The vital entrepreneur: high impact at its best
The strength of resilience
Family businesses, which make up about 25% of our finalists, are different from the rest. Although they are innately conservative, they show that it’s possible to be both strategically conservative and a high-impact entrepreneur, a combination that reflects one of their most important attributes: astounding resilience.
With their self-reliance and middle-of-the-road growth strategies, they are able to survive nearly any crisis — economic or otherwise. Stability and continuity are further differentiators of family-owned companies.
And these traits are important to more than just the family. Those family roots often anchor the communities in which these businesses operate, encouraging their employees to be engaged as well.
Taking the longer-term view
Unique among all of the finalists is the very long-range (sometimes generation spanning) planning that a family business structure allows and often requires.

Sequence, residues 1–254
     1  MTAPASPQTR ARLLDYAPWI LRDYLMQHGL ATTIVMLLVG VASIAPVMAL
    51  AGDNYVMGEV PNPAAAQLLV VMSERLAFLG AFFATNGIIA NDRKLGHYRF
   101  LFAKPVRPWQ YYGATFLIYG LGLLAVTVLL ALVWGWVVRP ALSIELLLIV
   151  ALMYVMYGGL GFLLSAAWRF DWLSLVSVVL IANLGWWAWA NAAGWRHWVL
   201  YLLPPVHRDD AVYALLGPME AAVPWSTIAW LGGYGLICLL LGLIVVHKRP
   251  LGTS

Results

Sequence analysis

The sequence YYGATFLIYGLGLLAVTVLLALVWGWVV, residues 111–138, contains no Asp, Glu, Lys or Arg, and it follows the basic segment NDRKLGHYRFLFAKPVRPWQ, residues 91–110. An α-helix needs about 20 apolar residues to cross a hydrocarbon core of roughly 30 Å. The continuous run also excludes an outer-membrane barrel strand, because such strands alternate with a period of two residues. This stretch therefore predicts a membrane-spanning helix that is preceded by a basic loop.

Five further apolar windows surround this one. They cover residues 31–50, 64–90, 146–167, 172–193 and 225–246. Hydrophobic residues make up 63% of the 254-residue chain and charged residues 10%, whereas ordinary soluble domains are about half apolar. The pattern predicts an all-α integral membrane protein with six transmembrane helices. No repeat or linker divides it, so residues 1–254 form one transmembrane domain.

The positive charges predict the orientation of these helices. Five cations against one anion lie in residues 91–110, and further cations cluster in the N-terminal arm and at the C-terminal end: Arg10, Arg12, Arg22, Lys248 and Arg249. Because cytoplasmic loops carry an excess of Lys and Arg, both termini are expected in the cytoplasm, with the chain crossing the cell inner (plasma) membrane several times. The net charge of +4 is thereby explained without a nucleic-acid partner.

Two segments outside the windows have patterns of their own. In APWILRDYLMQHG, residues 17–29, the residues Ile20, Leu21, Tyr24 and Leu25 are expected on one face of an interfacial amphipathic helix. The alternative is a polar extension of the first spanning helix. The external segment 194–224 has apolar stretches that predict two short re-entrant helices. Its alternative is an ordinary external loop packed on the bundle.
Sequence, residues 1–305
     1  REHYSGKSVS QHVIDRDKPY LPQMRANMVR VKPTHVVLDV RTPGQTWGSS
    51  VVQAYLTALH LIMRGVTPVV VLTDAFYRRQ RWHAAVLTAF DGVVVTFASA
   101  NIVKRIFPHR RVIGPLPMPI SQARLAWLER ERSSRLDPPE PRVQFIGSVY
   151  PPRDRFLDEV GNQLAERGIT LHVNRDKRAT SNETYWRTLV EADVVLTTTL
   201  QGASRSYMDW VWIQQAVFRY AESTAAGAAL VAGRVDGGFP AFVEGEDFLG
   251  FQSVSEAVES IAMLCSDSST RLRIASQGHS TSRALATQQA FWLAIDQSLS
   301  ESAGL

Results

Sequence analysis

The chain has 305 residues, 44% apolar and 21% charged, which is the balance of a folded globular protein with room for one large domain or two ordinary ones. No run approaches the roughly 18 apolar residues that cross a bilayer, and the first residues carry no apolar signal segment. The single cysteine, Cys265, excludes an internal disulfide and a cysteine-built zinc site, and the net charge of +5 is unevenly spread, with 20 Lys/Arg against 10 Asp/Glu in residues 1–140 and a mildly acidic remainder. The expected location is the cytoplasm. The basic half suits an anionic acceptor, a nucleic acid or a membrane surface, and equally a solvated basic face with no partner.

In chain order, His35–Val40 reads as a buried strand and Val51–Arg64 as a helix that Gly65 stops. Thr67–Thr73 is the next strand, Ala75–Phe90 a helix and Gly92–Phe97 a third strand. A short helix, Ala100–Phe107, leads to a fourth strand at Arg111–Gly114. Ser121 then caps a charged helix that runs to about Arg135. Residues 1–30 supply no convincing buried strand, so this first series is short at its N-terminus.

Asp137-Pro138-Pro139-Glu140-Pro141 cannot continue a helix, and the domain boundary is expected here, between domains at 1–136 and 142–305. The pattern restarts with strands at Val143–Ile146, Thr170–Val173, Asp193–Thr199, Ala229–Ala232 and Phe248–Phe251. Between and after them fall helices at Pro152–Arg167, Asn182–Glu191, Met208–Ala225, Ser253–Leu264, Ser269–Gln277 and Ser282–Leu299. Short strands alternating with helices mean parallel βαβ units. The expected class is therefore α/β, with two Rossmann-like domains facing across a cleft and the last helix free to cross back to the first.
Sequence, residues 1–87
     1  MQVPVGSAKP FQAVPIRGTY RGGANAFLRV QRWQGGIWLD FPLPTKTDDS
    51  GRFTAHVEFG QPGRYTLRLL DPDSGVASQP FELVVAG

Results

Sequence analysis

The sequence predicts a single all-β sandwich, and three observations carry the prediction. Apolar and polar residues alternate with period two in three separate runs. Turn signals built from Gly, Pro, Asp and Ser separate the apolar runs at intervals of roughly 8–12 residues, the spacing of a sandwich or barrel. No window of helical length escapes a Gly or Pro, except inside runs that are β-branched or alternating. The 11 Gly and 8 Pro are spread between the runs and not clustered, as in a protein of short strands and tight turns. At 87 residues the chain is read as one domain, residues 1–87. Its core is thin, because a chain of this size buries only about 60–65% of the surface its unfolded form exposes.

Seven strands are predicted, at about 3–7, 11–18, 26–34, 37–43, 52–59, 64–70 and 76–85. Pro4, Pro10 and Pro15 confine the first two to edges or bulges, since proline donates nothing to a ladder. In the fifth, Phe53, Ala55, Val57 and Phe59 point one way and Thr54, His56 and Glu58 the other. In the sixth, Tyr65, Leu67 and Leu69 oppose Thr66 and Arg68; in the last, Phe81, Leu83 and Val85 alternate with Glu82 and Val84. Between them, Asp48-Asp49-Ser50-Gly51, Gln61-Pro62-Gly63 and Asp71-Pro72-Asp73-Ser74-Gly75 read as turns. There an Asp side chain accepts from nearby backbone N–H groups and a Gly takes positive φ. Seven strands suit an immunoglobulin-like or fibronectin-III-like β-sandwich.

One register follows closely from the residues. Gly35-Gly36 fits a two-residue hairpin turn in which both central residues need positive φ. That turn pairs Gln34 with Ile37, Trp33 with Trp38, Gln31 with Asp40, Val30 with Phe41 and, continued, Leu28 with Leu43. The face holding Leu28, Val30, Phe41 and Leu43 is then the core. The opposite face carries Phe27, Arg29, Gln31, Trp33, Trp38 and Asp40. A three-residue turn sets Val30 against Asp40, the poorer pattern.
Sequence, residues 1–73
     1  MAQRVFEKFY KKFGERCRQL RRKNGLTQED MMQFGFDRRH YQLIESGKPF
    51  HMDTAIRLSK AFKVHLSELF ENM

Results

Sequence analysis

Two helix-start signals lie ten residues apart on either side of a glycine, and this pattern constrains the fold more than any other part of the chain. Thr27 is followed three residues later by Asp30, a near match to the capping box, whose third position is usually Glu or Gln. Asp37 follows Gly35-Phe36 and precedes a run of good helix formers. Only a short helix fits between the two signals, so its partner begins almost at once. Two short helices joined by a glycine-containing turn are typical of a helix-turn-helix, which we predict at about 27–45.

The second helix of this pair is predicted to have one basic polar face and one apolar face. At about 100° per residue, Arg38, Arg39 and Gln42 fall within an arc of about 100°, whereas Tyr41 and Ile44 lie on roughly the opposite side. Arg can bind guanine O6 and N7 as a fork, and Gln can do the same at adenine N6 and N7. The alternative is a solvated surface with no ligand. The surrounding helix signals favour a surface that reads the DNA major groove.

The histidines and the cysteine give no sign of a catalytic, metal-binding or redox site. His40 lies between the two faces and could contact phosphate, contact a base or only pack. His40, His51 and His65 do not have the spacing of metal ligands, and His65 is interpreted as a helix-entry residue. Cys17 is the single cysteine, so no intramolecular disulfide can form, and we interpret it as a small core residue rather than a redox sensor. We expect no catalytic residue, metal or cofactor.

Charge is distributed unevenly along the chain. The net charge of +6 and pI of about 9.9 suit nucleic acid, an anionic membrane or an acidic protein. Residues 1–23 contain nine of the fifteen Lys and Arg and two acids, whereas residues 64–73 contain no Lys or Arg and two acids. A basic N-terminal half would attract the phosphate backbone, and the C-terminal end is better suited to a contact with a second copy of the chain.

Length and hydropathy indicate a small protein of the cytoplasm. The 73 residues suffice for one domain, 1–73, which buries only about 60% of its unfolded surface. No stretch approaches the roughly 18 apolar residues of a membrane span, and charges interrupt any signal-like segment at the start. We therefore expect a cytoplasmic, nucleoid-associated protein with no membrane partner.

They are most often private companies, free from many of the short-term pressures of the public markets. They are stable and battle-tested, and they know that tough times (and good times) never last.
This long-range view affects all of their decision-making, from spending to growth to succession planning.
For instance, 61% of family-owned finalists report funding their companies through bank loans, and 58% through re-invested earnings, while 2% use VC and 12% use PE. They manage growth relative to their cash flow and keep a pace of sustained moderate growth over many years. Their median revenues, EBIT and employees are larger than the overall group, but their corresponding growth rates are lower (though still in the double digits).
They also tend to limit themselves to traditional bank funding in order to avoid the dilution of ownership that comes with other forms of capital-raising. Even so, more than half reported no obstacles to raising capital.
This is almost certainly because they rely more heavily on internal funds for expansion, as well as the confidence that banks have in their financial stability and long-term prospects, which promotes greater lending — even in down markets.